About the song
Are You Lonesome Tonight? is a song that has a long and fascinating history. It was written in 1926 by Roy Turk and Lou Handman, two songwriters who worked in the Tin Pan Alley era of American music. The song was first recorded and popularized by various artists in 1927, such as Charles Hart, Vaughn De Leath, and Henry Burr. The song has a melancholic melody and lyrics, and a spoken bridge that compares love to a play.
The song was revived in 1950 by Al Jolson, a famous singer and actor who starred in the first talking movie, The Jazz Singer. Jolson’s version was also used in the 1959 biographical film Jolson Sings Again. Another revival came in 1960, when Elvis Presley recorded the song at the suggestion of his manager, Colonel Tom Parker. Parker’s wife, Marie Mott, loved the song and wanted Elvis to sing it for her.
Elvis recorded the song on April 4, 1960, after returning from his two-year service in the United States Army. He recorded it in one take, with a lot of echo added by the engineer Bill Porter. The song was released in November 1960 and became a huge hit for Elvis, reaching number one on both the US and UK charts. It also won a Grammy Award for Best Vocal Performance by a Male Artist in 1961.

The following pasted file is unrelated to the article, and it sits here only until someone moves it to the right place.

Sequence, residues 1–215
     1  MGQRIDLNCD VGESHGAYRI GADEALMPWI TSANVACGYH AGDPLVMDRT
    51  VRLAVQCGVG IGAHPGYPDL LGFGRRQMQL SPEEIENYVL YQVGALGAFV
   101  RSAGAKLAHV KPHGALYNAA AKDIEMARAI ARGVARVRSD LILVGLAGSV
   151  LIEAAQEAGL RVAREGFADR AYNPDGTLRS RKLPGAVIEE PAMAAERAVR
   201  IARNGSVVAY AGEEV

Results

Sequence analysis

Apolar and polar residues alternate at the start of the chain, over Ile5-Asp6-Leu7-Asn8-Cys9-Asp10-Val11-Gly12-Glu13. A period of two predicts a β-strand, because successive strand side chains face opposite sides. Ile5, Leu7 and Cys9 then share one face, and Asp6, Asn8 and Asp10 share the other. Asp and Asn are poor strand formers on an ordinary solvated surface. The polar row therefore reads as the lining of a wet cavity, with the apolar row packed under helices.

Elvis’ version of Are You Lonesome Tonight? is considered one of his most emotional and personal songs. He often performed it live, sometimes changing the words or laughing during the spoken bridge. One of his most famous live performances was on August 26, 1969, when he cracked up after singing “Do you gaze at your bald head and wish you had hair?” The female backing singer who kept singing while Elvis laughed was Cissy Houston, the mother of Whitney Houston.
Are You Lonesome Tonight? is a song that has touched many generations of listeners with its haunting melody and poignant lyrics. It is a song that reflects the loneliness and longing that everyone can feel at some point in their lives.